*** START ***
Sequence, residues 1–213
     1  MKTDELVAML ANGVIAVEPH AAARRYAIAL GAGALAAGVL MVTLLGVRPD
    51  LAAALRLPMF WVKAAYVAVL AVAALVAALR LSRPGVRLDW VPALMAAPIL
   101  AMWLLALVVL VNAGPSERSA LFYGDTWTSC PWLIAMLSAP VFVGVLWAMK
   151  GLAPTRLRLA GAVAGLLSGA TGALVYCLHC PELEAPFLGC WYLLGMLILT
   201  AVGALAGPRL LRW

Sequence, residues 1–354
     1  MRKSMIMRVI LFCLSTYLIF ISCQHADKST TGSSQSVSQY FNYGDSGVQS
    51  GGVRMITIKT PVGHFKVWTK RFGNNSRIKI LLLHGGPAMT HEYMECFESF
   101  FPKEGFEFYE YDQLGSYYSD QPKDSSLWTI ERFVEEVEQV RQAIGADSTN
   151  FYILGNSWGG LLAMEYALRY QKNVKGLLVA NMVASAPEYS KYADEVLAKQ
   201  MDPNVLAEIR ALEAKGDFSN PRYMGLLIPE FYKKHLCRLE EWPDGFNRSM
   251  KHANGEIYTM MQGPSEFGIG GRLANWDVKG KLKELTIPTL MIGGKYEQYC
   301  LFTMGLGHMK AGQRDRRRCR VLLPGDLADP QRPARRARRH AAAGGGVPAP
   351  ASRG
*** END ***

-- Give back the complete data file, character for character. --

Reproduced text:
Sequence, residues 1–213
     1  MKTDELVAML ANGVIAVEPH AAARRYAIAL GAGALAAGVL MVTLLGVRPD
    51  LAAALRLPMF WVKAAYVAVL AVAALVAALR LSRPGVRLDW VPALMAAPIL
   101  AMWLLALVVL VNAGPSERSA LFYGDTWTSC PWLIAMLSAP VFVGVLWAMK
   151  GLAPTRLRLA GAVAGLLSGA TGALVYCLHC PELEAPFLGC WYLLGMLILT
   201  AVGALAGPRL LRW

Sequence, residues 1–354
     1  MRKSMIMRVI LFCLSTYLIF ISCQHADKST TGSSQSVSQY FNYGDSGVQS
    51  GGVRMITIKT PVGHFKVWTK RFGNNSRIKI LLLHGGPAMT HEYMECFESF
   101  FPKEGFEFYE YDQLGSYYSD QPKDSSLWTI ERFVEEVEQV RQAIGADSTN
   151  FYILGNSWGG LLAMEYALRY QKNVKGLLVA NMVASAPEYS KYADEVLAKQ
   201  MDPNVLAEIR ALEAKGDFSN PRYMGLLIPE FYKKHLCRLE EWPDGFNRSM
   251  KHANGEIYTM MQGPSEFGIG GRLANWDVKG KLKELTIPTL MIGGKYEQYC
   301  LFTMGLGHMK AGQRDRRRCR VLLPGDLADP QRPARRARRH AAAGGGVPAP
   351  ASRG